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Vintage 101: Looking Forward


Counterspell - Mark Poole

Looking Forward

Lately I have found myself wondering about how the Vintage metagame will evolve in 2018. Last year we had quite a few restrictions and it took a while before the meta settled down from those changes. However, Mishra's Workshop decks have remained at or near the top of the format despite losing staples like Chalice of the Void, Lodestone Golem, and Thorn of Amethyst

The biggest change in my opinion is that Oath of Druids decks have risen up to become a challenger to Mishra's throne. Oath was always well-positioned against Workshop prison, but Oath's natural predators were such a large and dominating force in the field that they held Oath decks down. Gush decks, especially Monastery Mentor Gush, was just too much for Oath to handle on a consistent basis. 

Unfortunately, the top decks in the metagame seems to have stagnated once again. Workshop is almost always on top, followed by Oath, with the occasional Dredge or blue control deck coming in just after those. 

I don't think that these results are a bad thing. While some folks might think that this means there aren't a lot of playable decks in Vintage, I disagree. I think that people gravitate towards decks with proven successes, so once a deck starts winning more and more people play it. The higher number of people playing a deck means that it will appear higher up in these result pages. A lot of people end up choosing to play the "top deck" in the format, and the cycle continues. 

Despite the apparent domination of Walking Ballista and Griselbrand decks there are many more playable archetypes in the format. Brewing can be a time-consuming and challenging endeavor though, so I certainly do not blame people for taking the easy path. Still, its nice to see different decks pop up on the metagame results page! This week I decided to try and dig a little deeper to see if I could find examples of outlier decks performing well. Here are a few examples.

 

Shardless Humans

Fewer Monastery Mentors in the format should, in theory, make things easier for creature swarm decks like Five Color Humans (or similar archetypes).  When Mentor was in full swing, if a an aggro deck couldn't somehow stop the cantrip engine of Gush/Mentor they had little chance of being able to eke out a victory. Mentor can clog a battlefield and create a board stall in short order, and since the monk tokens have prowess they all have built-in combat tricks.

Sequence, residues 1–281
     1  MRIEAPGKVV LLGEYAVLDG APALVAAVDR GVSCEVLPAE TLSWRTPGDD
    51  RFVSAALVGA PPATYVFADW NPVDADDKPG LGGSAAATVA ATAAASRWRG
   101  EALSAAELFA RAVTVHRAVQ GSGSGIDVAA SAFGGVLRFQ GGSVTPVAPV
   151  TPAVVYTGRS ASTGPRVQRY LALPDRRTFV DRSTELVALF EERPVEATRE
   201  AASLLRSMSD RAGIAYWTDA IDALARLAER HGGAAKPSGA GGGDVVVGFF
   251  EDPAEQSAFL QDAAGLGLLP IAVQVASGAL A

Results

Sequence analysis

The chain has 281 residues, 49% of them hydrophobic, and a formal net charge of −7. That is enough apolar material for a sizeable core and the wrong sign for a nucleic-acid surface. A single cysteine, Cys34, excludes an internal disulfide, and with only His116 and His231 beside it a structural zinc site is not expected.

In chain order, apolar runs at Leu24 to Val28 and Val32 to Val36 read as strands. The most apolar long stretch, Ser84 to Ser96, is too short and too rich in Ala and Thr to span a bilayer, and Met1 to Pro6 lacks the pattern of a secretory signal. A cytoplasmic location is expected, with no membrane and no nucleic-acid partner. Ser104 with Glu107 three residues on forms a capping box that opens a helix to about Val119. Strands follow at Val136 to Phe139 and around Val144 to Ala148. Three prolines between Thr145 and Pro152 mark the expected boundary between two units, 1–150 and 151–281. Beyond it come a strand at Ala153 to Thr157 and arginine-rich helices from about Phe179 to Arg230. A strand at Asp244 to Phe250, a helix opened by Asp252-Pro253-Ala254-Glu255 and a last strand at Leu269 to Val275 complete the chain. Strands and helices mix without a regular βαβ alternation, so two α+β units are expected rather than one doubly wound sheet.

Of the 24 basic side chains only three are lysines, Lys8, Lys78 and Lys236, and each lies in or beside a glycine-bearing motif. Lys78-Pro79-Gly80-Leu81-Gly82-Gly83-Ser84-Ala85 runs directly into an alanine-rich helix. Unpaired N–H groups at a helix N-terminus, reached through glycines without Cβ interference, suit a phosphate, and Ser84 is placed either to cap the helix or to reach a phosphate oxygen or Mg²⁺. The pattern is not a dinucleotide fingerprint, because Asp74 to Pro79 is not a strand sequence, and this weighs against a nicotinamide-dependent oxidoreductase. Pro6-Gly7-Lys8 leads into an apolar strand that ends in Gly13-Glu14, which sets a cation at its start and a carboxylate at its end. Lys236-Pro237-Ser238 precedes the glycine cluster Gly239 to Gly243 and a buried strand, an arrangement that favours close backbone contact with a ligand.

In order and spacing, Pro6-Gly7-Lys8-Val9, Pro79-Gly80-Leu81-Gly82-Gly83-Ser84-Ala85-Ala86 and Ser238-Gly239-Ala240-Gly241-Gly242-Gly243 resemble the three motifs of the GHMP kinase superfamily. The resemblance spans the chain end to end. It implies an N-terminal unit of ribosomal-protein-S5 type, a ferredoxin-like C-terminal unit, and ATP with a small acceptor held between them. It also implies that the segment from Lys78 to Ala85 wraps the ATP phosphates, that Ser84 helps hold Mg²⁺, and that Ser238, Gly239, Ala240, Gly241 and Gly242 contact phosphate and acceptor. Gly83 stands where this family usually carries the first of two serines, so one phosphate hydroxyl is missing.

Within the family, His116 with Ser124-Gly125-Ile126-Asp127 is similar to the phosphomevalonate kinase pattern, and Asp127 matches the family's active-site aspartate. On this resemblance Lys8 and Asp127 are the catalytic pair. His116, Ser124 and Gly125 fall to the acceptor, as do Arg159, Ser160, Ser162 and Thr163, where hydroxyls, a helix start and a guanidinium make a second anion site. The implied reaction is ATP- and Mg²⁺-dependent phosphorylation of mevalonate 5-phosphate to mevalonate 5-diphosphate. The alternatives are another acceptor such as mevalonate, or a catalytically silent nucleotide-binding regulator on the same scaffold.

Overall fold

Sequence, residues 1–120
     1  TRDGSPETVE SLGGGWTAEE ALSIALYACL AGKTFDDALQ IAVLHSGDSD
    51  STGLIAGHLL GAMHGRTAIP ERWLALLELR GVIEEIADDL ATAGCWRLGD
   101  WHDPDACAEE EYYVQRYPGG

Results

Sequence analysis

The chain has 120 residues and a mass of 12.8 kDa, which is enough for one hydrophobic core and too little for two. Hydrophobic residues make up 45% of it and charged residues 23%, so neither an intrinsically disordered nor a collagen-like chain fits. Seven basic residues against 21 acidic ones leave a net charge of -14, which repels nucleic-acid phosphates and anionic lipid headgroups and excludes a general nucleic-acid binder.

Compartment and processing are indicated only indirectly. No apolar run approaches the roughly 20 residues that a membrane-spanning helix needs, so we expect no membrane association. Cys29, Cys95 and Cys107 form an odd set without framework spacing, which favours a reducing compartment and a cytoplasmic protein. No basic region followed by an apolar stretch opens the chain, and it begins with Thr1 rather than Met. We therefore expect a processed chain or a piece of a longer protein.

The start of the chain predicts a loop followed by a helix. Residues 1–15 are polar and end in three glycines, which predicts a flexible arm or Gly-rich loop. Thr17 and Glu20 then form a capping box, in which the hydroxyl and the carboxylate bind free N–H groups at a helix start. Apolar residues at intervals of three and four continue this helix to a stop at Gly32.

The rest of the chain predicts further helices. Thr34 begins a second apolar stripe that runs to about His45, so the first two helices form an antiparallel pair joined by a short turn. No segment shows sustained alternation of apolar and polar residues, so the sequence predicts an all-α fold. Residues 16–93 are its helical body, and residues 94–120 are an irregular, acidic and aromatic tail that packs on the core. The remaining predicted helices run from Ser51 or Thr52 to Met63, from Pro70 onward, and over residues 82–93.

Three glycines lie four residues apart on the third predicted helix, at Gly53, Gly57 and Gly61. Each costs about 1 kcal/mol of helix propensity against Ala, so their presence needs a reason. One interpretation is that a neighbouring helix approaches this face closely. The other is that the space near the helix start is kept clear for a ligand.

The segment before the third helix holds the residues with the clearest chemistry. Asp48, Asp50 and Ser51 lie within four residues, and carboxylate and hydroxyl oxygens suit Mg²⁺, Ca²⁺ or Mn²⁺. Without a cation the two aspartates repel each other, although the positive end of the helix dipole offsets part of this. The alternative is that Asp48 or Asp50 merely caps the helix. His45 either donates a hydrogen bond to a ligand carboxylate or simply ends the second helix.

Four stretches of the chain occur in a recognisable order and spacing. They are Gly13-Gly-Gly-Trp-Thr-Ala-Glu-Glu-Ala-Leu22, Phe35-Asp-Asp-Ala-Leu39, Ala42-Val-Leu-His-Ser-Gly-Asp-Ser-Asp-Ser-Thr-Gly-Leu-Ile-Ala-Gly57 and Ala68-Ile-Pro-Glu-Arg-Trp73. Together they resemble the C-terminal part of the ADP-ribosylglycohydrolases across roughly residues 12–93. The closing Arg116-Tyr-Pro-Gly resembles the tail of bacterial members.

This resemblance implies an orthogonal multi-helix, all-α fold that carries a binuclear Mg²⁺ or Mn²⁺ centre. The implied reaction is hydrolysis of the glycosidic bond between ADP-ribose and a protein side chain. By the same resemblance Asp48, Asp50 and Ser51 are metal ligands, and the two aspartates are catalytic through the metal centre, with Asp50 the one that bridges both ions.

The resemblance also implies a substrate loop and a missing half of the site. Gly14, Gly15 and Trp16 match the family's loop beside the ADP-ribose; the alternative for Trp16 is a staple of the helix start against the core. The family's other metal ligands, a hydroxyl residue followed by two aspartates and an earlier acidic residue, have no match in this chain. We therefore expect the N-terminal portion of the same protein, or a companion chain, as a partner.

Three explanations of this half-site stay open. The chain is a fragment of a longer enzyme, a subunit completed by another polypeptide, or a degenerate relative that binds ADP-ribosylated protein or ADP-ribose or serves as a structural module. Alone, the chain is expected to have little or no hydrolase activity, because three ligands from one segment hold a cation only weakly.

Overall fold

Five-Color Humans also has access to some great sideboard cards like Containment Priest, Aegis of the Gods, and Yixlid Jailer. The five-color mana base allows the deck to play some of the best answers and value creatures available. With proper tuning and metagame foreknowledge this archetype has some serious potential. 

Here's an interesting take on the Humans archetype that uses Shardless Agent as a value creature. 

 

Rhymin' and Stealin' with Grixis Theives!

Grixis Time Vault decks have been around since Time Vault was restored to its current functionality. The deck has seen many iterations and just as many name changes, and the planeswalker at its core has evolved over time as well. Originally, the 'walker to be feared was Tezzeret the Seeker. Then came Jace, the Mind Sculptor, and most recently Dack Fayden. It's the combination of Dack "The Greatest Thief in the Multiverse" Fayden and Notion Thief that gave this version of the archetype the name "Grixis Thieves". 

Tezzeret the Seeker [ALA]Jace, the Mind Sculptor [WWK]Dack Fayden [CNS]

 

If we look at moatzu's list here, we can see that there's one copy of each of the big three Grixis planeswalkers: one Dack, one Tezzeret, and one copy of Jace, the Mind Sculptor. From experience I can tell you that Jace and Dack are the better planeswalker most of the time, except for the occasions where you're able to win immediately with Tezzeret the Seeker's artifact tutoring ability. The Mind Sculptor will bury your opponent in card advantage in short order, and Dack's efficiency (at only three mana) and card selection are also tough to overcome. In mirror matches Dack Fayden is particularly brutal as he can cast Steal Artifact on valuable targets like Blightsteel Colossus and Time Vault

Grixis Thieves in Vintage